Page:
Dialogue tags are the indicators of who is speaking. Tags can either be of the speaking or action variety as discussed above. There is a hotly debated issue whether or not dialogue tags should extend farther beyond said and asked.

On the one side is the opinion (or rule) that professional writers do not bog their readers down with descriptive dialogue tags. Sighed, groaned, moaned, sobbed, growled, hissed, snarled, laughed, yelled, cursed, demanded, commanded, and on and on are not necessary to the tone of the dialogue. This should be done by the tone of the scene and punctuation. Also, those things are not “speaking,” but actions. You cannot laugh and speak at the same time, as they say.

This side of the argument insists that using these other tags is a sure sign of an amature writer. Said is all you really need. (Asked is even redundant if you have a question mark. Yelled is redundant if you have an exclamation point.)

This is not considered boring because the idea is that said is not a word so much as a form of punctuation. Loretta said indicates the speaker but the reader glazes over the word said, and it’s more like making your dialogue the way it would be in a play.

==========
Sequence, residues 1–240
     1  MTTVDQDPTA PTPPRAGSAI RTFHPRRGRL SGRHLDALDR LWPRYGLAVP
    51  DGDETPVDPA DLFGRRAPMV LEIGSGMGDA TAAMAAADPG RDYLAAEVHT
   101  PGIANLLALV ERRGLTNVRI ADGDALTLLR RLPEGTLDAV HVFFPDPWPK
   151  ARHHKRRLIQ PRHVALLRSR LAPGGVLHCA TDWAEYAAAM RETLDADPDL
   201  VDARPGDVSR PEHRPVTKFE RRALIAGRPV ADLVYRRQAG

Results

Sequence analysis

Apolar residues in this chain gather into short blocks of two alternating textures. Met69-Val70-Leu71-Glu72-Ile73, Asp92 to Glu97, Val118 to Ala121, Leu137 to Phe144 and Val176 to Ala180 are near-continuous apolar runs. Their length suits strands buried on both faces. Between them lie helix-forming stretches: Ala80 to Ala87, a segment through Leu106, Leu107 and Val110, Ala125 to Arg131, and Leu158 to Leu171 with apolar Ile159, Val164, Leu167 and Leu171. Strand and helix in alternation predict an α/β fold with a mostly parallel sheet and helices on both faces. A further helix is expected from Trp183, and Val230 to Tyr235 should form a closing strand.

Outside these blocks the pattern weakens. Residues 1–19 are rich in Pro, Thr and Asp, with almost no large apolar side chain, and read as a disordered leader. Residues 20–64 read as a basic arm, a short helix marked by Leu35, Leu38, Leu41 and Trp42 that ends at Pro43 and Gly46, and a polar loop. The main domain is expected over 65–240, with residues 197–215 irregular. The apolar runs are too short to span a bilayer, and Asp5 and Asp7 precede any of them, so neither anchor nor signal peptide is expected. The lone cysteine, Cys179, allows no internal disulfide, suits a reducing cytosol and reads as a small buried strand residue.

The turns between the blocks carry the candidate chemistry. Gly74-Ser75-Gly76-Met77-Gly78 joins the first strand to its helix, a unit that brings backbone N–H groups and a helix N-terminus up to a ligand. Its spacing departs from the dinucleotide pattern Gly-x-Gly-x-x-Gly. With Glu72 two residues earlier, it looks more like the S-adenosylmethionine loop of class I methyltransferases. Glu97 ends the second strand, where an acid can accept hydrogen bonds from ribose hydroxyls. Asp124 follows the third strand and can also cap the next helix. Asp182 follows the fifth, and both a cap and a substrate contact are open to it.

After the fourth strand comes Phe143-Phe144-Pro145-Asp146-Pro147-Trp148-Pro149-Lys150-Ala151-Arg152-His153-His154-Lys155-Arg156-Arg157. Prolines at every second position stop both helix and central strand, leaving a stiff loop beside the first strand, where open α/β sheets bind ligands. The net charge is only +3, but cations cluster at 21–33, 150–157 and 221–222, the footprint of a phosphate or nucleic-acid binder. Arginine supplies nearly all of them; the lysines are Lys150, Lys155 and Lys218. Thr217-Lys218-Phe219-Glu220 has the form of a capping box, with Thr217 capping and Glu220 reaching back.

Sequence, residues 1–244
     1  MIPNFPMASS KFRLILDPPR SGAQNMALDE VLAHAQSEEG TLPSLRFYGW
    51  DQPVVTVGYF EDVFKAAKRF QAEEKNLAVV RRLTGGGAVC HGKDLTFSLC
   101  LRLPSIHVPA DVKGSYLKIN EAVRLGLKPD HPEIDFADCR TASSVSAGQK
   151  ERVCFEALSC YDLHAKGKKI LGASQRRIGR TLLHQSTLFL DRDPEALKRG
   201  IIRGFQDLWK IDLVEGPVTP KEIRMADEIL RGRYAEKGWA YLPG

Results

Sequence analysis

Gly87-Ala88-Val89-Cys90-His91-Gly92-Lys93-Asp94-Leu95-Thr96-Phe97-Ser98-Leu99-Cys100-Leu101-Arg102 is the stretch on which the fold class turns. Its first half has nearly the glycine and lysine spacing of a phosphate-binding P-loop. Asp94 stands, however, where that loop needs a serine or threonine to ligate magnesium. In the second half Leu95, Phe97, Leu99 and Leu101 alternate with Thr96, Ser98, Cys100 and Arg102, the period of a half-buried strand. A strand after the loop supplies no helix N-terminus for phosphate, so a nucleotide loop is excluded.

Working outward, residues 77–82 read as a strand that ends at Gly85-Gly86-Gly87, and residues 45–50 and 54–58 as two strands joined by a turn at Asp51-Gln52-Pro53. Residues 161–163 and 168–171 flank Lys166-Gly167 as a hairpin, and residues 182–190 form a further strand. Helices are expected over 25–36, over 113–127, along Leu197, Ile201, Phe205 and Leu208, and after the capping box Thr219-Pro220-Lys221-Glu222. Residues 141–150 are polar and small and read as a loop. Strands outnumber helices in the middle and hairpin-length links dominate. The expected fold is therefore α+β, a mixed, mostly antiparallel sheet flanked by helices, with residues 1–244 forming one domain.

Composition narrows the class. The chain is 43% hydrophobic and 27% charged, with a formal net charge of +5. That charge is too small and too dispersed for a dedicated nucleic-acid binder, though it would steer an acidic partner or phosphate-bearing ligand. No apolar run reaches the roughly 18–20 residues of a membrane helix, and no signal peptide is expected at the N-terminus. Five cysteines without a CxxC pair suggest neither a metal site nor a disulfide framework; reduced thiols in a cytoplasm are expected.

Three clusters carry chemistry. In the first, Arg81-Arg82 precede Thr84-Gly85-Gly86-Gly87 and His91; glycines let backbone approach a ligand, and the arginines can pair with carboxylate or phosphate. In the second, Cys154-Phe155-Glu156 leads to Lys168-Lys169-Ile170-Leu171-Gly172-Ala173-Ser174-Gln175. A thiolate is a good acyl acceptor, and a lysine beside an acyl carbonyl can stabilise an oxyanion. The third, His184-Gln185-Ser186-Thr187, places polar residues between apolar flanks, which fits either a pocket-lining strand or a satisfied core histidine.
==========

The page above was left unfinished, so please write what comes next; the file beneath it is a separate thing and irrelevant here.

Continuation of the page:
Loretta: I don’t always smile before I speak.

On the other side of the argument is that people do make noises while they speak. The inflection and tone in your voice can be hissing, growling, and nervous laughter as you’re speaking. Action tags can set the tone of dialogue.

Sarcasm, nervousness, excitement, anger and many other emotions play out. Tagging dialogue with indications of these can help the reader understand the character’s emotions and intentions.

How do I feel about this? Well, I’m kind of in the middle. I get where the “only said” people are coming from. I also get the “emotions should be included” set. I lean more toward including emotions, but also try to use them when I feel it is necessary.

I do not think it’s a sign of being unprofessional to use a tag other than said. I think it’s a style choice, especially for indie authors. I’ve read books from both camps and have never had issue with either type of tagging.

To wrap it up remember:

  1. Dialogue begins a new paragraph and each speaker gets their own paragraph.
  2. Remember to use a period instead of a comma for an action tag.
  3. Some people take offence at tags other than said in dialogue.

That’s all for this week! Next week I’ll talk about making your dialogue sound like people are talking instead of making them sound like robots repeating programmed words.

Until then, have a great week! If you have any other tips feel free to leave them int he comments.